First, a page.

Hill Street Blues (1982) – Of Mouse and Man, and Zen and the Art of Law Enforcement

There’s a lot going on this week when a prominent public defender is murdered in a robbery gone wrong, something that shakes Joyce (Veronica Hamel) to her core, and makes her question her own future, and if she wants to keep working as a lawyer.

Of Mouse and Man was written by Steven Bochco, Anthony Yerkovich, Jeffrey Lewis, and Michael Wagner from a story by Bochco and Michael Kozoll. It first aired on 11 February, 1982.

The guest cast in this episode includes Jonathan Frakes (as a dealer!), Edward James Olmos, who comes to the precinct to file a complaint about a slum lord that runs the building he and others live in, and Goldblume (Joe Spano) investigates.

As the investigation begins for the murder suspect, the precinct makes a sweep through the usual locations and allows Hunter (James Sikking) to show his latent racist tendencies.

Hill (Michael Warren) calls Renko (Charles Haid) out on some of his own racism after Hill gets tapped as the new representative for the Black Officer’s Coalition. This causes some real grief in their partnership and leaves both of them dangling.

Furillo (Daniel J. Travanti) has a lot on his plate, trying to be there for Joyce, while also making sure the investigation and the precinct run as smoothly as they can. When a suspect is arrested we see a different side of Joyce as she pushes him to go after the suspect and get vengeance.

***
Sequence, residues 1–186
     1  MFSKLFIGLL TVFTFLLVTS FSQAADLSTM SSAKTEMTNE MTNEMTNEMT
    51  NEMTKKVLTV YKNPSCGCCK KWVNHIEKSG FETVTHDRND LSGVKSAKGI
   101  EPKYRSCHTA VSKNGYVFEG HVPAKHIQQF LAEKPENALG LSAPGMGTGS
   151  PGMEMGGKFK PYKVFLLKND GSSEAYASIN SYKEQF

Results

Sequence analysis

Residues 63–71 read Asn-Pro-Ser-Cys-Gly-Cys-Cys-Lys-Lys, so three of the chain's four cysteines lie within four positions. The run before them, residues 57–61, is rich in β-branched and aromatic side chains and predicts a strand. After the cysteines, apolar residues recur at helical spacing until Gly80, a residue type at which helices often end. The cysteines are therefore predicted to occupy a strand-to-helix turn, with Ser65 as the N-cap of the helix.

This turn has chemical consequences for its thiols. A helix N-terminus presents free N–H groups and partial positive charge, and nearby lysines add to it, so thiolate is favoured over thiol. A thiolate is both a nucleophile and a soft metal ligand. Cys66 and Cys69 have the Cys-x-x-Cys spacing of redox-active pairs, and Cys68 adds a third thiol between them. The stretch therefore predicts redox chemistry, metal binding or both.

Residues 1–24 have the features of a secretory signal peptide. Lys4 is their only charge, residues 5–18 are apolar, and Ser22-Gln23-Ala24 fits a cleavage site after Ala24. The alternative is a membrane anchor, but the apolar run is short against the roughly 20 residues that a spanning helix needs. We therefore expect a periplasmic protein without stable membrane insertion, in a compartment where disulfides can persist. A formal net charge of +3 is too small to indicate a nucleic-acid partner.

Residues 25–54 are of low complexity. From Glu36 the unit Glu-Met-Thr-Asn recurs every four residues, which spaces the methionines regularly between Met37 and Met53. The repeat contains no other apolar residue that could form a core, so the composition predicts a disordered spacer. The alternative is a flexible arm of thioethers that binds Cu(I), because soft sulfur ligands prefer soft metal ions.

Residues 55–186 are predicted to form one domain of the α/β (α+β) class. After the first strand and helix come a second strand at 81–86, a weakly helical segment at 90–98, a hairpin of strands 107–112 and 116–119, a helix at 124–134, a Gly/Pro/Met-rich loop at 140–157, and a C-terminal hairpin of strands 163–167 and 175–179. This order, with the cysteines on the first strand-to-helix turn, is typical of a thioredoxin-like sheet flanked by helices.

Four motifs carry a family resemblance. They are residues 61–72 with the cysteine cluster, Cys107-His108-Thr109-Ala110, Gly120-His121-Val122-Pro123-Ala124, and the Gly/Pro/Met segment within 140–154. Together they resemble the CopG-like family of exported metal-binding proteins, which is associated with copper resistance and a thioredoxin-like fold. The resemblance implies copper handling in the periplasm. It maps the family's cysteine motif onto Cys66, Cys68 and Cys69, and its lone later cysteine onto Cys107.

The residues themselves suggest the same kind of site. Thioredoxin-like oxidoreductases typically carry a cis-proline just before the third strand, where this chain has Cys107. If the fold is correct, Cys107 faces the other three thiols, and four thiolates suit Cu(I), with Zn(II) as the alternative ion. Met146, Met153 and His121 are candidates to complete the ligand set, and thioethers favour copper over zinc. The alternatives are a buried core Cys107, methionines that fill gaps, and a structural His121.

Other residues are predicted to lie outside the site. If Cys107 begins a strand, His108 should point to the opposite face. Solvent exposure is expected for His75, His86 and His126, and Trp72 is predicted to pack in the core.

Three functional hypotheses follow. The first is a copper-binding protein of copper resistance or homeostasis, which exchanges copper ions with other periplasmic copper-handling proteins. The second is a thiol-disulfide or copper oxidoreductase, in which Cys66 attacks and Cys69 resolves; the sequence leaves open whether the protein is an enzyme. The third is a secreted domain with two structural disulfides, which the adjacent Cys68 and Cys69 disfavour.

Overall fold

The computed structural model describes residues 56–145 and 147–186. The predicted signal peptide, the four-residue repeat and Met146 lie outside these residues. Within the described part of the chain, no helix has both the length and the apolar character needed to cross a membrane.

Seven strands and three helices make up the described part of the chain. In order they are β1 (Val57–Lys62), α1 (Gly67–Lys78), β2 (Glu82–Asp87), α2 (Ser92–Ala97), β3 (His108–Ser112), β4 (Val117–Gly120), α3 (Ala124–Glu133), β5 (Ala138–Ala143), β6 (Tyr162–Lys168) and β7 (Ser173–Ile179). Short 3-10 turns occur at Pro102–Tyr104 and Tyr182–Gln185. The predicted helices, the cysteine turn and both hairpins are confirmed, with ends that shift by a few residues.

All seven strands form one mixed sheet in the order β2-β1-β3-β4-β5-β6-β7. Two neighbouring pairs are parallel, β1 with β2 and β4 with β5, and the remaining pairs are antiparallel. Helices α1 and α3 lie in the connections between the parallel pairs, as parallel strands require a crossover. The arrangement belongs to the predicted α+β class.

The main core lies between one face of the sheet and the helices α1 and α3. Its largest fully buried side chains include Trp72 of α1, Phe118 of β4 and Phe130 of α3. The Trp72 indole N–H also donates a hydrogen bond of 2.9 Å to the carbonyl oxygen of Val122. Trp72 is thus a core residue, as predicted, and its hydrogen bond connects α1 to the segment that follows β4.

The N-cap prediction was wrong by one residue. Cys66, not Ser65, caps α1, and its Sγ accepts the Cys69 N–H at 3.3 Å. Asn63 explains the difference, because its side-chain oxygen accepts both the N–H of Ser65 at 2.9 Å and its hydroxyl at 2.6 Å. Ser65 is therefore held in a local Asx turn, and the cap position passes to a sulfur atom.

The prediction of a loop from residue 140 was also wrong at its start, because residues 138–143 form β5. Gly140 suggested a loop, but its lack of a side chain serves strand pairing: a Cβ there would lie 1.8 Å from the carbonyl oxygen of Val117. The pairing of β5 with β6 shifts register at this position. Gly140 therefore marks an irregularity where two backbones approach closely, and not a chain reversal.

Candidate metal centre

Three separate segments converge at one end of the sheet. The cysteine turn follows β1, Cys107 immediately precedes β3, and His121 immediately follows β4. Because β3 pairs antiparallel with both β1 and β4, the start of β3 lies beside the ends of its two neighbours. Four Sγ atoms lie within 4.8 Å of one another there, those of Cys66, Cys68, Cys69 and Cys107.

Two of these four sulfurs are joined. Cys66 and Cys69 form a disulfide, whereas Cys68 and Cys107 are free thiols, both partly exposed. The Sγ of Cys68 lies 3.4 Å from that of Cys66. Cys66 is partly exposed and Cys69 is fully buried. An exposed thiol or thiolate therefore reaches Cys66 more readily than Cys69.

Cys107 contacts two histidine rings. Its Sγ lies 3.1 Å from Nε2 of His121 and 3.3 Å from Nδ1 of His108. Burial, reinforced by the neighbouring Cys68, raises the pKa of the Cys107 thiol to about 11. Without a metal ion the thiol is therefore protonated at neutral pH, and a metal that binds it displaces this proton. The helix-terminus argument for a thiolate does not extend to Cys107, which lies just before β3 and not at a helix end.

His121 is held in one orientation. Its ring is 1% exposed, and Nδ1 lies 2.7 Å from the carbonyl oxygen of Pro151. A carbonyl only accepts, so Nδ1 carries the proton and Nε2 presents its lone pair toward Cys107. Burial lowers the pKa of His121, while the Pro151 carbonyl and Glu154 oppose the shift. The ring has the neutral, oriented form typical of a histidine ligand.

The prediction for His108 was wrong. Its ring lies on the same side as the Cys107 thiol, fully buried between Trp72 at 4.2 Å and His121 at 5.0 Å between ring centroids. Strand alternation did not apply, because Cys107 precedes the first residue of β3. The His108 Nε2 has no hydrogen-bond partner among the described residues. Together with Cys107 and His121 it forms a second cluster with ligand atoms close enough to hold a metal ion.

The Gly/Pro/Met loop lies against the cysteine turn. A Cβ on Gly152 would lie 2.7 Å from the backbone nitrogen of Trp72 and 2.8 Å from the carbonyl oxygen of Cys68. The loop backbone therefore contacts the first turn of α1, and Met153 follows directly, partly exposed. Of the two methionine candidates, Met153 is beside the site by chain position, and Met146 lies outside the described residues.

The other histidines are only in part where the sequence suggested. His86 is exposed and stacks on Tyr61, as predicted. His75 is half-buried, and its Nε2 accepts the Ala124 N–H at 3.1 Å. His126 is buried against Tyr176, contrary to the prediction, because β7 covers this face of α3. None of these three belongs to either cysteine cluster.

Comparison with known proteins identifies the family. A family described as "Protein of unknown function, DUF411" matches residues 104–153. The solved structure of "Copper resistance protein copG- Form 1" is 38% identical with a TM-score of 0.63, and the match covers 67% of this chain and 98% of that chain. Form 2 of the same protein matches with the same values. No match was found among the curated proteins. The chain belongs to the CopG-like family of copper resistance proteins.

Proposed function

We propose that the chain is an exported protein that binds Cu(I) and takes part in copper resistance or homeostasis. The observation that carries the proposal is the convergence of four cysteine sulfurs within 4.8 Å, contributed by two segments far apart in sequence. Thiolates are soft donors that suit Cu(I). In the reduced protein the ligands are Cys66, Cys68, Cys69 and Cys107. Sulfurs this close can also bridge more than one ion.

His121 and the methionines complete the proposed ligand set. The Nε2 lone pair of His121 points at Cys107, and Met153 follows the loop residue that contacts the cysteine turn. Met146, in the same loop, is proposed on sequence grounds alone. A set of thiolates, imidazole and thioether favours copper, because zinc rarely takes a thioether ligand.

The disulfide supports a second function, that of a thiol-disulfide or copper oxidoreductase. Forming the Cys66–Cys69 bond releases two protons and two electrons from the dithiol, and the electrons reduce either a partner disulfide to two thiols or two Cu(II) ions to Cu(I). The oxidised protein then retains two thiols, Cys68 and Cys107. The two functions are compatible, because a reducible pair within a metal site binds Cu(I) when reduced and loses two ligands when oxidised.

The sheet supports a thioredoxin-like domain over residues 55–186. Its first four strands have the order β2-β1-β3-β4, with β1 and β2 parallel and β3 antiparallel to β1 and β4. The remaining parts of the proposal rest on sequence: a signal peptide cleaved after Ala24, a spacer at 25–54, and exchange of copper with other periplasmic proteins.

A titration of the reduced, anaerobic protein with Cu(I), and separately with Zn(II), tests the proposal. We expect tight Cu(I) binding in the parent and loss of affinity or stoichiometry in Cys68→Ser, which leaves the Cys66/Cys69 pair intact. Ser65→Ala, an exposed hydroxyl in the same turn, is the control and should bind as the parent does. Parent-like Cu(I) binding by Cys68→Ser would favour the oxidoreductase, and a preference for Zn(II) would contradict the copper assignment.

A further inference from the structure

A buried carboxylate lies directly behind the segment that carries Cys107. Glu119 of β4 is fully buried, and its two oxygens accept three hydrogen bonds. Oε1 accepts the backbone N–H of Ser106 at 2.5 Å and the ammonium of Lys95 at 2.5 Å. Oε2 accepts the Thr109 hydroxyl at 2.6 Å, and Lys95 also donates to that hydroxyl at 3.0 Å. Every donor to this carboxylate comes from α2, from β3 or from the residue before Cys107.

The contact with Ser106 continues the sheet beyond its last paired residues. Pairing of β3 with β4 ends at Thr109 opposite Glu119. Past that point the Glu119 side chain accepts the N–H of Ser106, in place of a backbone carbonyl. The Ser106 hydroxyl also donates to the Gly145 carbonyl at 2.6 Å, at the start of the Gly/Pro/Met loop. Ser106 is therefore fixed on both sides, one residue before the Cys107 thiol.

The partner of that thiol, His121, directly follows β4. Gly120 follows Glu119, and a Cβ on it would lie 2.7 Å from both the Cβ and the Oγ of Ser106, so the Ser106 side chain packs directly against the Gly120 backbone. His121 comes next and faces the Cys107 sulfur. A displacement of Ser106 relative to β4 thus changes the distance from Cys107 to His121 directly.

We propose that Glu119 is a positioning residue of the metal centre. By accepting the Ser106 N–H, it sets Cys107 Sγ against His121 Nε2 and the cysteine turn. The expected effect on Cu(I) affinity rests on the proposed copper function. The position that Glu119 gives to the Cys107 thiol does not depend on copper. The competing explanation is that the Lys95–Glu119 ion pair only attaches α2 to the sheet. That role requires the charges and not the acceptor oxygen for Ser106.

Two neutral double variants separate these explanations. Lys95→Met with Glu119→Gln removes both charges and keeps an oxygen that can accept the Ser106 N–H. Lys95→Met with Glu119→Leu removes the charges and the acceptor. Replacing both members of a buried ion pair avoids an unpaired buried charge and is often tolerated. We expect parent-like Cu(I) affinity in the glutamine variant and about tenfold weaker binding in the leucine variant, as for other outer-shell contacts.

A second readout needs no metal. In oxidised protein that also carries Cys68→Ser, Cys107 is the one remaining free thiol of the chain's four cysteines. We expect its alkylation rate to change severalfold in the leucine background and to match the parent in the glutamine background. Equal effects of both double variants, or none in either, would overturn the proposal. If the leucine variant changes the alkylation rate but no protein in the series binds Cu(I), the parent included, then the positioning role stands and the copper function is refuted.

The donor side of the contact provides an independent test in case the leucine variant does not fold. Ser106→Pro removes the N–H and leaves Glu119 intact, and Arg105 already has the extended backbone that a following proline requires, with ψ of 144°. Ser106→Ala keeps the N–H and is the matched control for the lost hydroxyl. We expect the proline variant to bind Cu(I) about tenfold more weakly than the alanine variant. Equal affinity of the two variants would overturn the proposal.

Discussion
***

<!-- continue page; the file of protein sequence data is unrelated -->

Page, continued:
Belker (Bruce Weitz) provides a little comic relief with a pet mouse and his capture of Frakes’ baddie.

Zen and the Art of Law Enforcement first aired on 18 February, 1982, and was written by Yerkovich, Lewis and Wagner from a story by Bochco, Kozoll and Thom Thomas.

On the eve of a major drug bust, LaRue (Kiel Martin) stumbles and begins drinking again. This causes everything to go sideways and Washington (Taurean Blacque) to go in undercover for him, and consequently almost has a real bad go of it, while covering for him.

Goldblume goes after the slum lord while Renko is upset that Hill has to leave him for a few days to work on recruitment for the Black Officer’s Coalition, which means saddling him with a new partner in the interim.

Renko also has to deal with some family situations regarding his sick father (Morgan Woodward) and his relationships with the rest of the family.

And finally, Esterhaus (Michael Conrad) gets saddled with some more melodrama when he causes Grace (Barbara Babcock) some grief over her prior relationships and her sexual activities before he came along. Honestly, he’s not one to talk considering where he was when the series started.

I could have done without the Esterhaus drama, Grace is a grown woman, and sexual activite being, the fact that he attempts to shame her for it is moronic, and a double standard.

That’s all for this week, so until next time, let’s be careful out there.

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